President & COO
I just purchased the iPad and I’m really looking forward to spending some time getting familiar with it this summer. There are so many unique features that I’m still learning. I really enjoy reading newspapers, and with the iPad I plan on reading a bunch of my favorite papers — the Boston Globe and the L.A. Times, as well as the Philadelphia papers — when I have some down time this summer.
Chief Information Officer
“Motivate Like a CEO,” by Suzanne Bates
I’m always looking for new information on how to be a more effective motivator and communicator.
“Outsmart! How To Do What Your Competitors Can’t,” by Jim Champy
I’m a big fan of Champy’s work
“Some Assembly Required: How to Make, Grow and Keep Your Business Relationships,” by Thom Singer
Relationship management is perhaps the most critical skill required by any business executive.
“Deception Point,” by Dan Brown
Dan Brown always writes page-turners!
“Bad Moon Rising: The Unauthorized History of Creedence Clearwater Revival,” by Hank Bordowitz
I am a classic rock aficionado and play in a rock band, so I am interested in the real story of what happened with CCR and John Fogerty.
National Lacrosse League
“The Big Short: Inside the Doomsday Machine,” by Michael Lewis
About those who made a fortune off the real estate collapse.
“The Last Stand: Custer, Sitting Bull, and the Battle of the Little Bighorn,” by Nathaniel Philbrick
“Big Hair and Plastic Grass,” by Dan Epstein
Baseball in the ’70s.
Senior Vice President of Marketing and Promotion
“Outliers,” by Malcolm Gladwell
Heard excerpts from this one. I mostly believe that his books seem intuitive, but this one gets into how exceptions to the rule get accomplished by visionaries.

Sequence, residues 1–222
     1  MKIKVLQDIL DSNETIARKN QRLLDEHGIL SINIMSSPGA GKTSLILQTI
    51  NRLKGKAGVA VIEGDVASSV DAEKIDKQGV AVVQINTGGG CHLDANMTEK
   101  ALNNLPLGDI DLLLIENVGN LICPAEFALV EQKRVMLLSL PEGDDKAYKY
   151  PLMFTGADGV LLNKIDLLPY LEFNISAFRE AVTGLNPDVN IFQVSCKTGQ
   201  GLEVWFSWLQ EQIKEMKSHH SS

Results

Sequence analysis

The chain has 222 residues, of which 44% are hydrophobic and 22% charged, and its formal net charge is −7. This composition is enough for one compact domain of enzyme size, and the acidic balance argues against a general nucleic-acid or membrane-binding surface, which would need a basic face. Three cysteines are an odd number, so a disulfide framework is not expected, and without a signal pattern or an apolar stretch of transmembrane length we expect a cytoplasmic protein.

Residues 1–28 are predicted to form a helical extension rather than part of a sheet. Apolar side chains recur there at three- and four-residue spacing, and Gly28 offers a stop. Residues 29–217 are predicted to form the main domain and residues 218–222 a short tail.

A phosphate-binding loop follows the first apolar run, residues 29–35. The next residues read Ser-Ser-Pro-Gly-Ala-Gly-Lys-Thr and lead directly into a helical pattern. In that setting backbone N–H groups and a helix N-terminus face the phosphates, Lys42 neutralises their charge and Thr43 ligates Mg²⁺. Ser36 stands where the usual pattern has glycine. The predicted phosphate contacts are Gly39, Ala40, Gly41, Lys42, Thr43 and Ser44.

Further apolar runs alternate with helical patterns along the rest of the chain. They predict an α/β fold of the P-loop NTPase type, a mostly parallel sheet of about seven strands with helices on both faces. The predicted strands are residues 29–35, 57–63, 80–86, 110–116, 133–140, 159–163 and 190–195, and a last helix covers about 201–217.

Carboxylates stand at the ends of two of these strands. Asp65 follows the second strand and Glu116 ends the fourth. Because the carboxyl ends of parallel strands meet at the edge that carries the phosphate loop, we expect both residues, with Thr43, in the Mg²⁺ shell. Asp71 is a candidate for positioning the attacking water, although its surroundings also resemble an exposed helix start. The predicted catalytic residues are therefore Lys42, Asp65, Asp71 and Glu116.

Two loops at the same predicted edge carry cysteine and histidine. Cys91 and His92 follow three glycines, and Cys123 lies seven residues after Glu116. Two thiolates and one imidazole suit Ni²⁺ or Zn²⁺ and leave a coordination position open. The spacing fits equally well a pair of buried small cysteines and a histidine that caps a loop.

“Benjamin Franklin: An American Life,” by Walter Isaacson
The story of one of the progenitors of American mass media, both in content and delivery, by the only man Steve Jobs would entrust with his life story.
“The Lost Symbol,” by Dan Brown
Need something light for vacation.
Executive Vice President, Stadium Development and Finance
New York Jets
“American Rust,” by Philipp Meyer
Staying connected to my Steeltown roots, an Amazon recommendation that is a combination John Steinbeck meets Cormac McCarthy in the rust belt of Pennsylvania.
“Born to Run: A Hidden Tribe, Superathletes and the Greatest Race the World Has Never Seen,” by Christopher McDougall
Recommended by multiple
ultra-marathoners who believe the secret of life is running, especially for a
little-known tribe in
“BBQ 25,” by Adam Perry Lang
From my favorite barbecue joint in New York City, Daisy Mae’s, with 25 basic recipes every wanna-be backyard pitmaster should know. Unfortunately, I spend more time reading about smoked pork than cooking it.
Basketball Analyst, ESPN
Head Coach, NBA D-League Texas Legends
“The Mole People,” by Jennifer Toth
A fascinating story of people who have a society beneath the city of New York. I heard of the myth; now I know it exists.
“$1,000 Dollars and an Idea,” by Sam Wyly
A self-made billionaire tells his story of creativity, persistence, and how his personality and humor helped this amazing entrepreneur succeed. This is very inspirational and entertaining.
“The Blind Side,” by Michael Lewis
If this story doesn’t move us, we have no pulse! Sports was the platform, love made it special.
“The Tao of Warren Buffett,” by Mary Buffett and David Clark
I love short, inspirational quotes that share his wisdom.
“The Michael Jackson Tapes,” by Rabbi ShmuleyBoteach
Michael’s passing is both our loss and our gain. We learned in death of his genuine love and caring. He wanted people to be kinder, and that will never be lost on me. He is one of a kind, and his genius and love is missed.
This is the second installment in a series on what top sports executives and personalities are reading this summer. The responses were compiled by Assistant Managing Editor Tom Stinson.